How do you know what you’re seeing is real?

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June 5, 2016 by Paul Dughi

Breaking News! At the local TV station, they roll out a microwave live truck, a reporter and photographer, light up the studio, get the anchors in place, and bring in the control room crew. 7 or 8 people, a million dollars’ worth of equipment, and 10–15 minutes later, you’re on the air with Breaking News. Yet… some guy with a cellphone just got the news out on Facebook about 10–15 minutes ago.

In order to speed that process up, most news organizations are using reader/viewer submitted photos. Since it’s getting photos from people right on the scene, why not? They’re usually there before our news crews can get there, right.

Here’s the problem.

How do you know whether the pictures are authentic? Really, anything someone submits to you that wasn’t done by your staff: how do you know it’s real?

The BBC used a photo of bodies lined up for burial to illustrate a massacre in Syria. It turned out to be from Iraq in 2003. At least they had the honesty to say they couldn’t independently verify the photo.

Here’s an iconic image. Reported by CNN as a police office in Venezuela facing off against a protester. Too bad it was taken in Singapore.

With the speed-to-post or speed-to-air being critical and getting first-mover advantage on a big news story, the temptation to just pass something on is great. Plane Crash! Here’s a picture from a witness about a mile away of the flames! Great, let’s post it! That happens in newsrooms all across the country.

This station in Memphis posted a picture of the riots in Baltimore. it sure looks like a big deal. Turns out it was a photo from 2,000 miles away and from Venezuela. It was also over a year old. I’m guessing maybe it was the McDonald’s that fooled them?

Research from the Pew Institute shows the majority of online users get their news from social media. Here’s a tweet from none other than Donald Trump. Someone sent the campaign this photo, which was re-tweeted. Now before you say, well it’s Donald Trump, think about this:

Could you do the same thing when someone sends you a photo or video seemingly portraying a significant event?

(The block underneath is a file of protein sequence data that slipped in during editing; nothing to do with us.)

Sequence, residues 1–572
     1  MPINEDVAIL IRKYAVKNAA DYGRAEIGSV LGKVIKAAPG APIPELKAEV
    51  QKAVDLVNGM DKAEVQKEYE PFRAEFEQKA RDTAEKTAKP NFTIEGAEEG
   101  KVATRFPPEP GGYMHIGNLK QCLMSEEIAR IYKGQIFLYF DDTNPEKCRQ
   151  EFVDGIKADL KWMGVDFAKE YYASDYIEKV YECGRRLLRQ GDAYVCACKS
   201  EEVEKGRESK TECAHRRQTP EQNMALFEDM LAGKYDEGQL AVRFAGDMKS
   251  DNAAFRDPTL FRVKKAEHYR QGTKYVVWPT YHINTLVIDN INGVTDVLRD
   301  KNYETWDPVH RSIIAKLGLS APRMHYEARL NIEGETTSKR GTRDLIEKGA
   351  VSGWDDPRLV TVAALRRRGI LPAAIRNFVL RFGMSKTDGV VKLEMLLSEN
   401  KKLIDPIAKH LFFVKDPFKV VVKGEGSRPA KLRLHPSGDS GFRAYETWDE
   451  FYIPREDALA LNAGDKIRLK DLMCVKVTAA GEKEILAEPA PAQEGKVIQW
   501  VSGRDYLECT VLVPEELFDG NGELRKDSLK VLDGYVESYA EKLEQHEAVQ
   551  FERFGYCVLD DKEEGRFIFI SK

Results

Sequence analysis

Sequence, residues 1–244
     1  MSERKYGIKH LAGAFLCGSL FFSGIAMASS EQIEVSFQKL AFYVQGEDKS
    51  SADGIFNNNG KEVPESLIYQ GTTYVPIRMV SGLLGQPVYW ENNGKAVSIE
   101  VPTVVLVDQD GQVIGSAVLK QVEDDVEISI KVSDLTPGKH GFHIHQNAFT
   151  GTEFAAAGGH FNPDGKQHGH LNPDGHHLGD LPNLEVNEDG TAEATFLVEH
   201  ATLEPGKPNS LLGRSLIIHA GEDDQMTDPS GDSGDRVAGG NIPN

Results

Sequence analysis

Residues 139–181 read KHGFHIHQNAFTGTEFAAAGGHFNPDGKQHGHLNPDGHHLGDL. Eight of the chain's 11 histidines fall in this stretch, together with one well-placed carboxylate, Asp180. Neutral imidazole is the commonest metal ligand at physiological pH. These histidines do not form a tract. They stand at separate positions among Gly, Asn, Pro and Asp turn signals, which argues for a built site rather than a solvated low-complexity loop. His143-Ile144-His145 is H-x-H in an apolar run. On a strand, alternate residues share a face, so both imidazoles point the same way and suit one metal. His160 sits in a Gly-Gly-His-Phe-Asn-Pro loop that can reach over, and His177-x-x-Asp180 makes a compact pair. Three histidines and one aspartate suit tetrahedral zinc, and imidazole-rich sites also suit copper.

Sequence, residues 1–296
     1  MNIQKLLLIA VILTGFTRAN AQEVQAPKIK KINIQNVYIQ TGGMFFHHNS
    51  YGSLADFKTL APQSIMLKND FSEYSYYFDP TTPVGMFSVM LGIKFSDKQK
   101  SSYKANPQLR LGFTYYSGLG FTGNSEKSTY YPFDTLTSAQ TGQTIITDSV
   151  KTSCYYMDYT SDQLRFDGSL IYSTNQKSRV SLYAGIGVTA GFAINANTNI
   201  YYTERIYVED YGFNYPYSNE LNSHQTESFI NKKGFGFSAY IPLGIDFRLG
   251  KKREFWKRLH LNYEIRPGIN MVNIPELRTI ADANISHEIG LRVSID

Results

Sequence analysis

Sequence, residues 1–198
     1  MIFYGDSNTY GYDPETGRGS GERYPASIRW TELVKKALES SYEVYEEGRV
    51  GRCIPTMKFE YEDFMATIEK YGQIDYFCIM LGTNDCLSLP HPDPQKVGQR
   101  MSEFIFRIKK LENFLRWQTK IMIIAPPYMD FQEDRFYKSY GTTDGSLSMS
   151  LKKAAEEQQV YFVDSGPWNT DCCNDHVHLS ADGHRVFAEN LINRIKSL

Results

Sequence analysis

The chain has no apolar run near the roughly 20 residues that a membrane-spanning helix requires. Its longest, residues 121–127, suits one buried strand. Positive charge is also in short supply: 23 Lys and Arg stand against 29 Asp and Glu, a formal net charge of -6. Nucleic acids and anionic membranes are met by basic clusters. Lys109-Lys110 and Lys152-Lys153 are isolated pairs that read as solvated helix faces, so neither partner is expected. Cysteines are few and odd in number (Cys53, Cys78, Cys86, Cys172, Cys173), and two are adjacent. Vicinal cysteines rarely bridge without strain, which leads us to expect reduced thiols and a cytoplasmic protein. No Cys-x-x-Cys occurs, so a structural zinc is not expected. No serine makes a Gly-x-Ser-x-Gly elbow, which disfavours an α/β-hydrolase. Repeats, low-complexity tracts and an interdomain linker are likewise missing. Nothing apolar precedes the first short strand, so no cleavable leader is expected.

Turns out it never happened. The photo was actually from a family reunion and had nothing to do with Trump.

Don’t get me started on social media. But if you want to look at something fun, check out these 76 images – you probably saw some of them yourself – that were passed around social media that are totally fake. Many of them were also shared by legitimate news organizations.

Now some of the examples could just be “errors-made-in-the-moment.” But it’s getting harder and harder to tell what’s real and what’s not, especially with still photos. It used to be that doctoring photos was the work of professionals with high-end equipment and experience. Now, just about anybody can do it.

Same photo using Photoshop retouch tools — 
notice the missing cars, people and power lines?
Same photo altered using Photoshop tools in about three minutes

And more tools are coming everyday. This week, Photoshop announced another tool called “content aware cropping” to help all of us amateur photographers make our cell phone pictures better. The tool can “fill in” parts of the photo you may have missed.

You may say, what’s the big deal about taking a car or some water out of a picture?

For journalists, it is a big deal. The credibility of the news media is at an all-time low. Accuracy is key to rebuilding trust. Even photos that have minor details changed, removed, or enhanced — without disclosure — undermines that trust.

Who are the 15% that DON’T care about getting the facts right?

Should news organizations present photos that have been retouched? Should they disclose the information?

The job of a news organization is to present an accurate and fair depiction of events. Using an altered photo without disclosing the fact is unethical and undermines trust. In this day and age, people will figure it out and it will get posted in articles like this.

For the rest of us, the question becomes who can we trust and can we even trust our own eyes?

If you haven’t figured it out by now, the photo at the top of this page is fake.

Originally posted on Medium on 6.5.2016.  Visit that article for more images and video examples.

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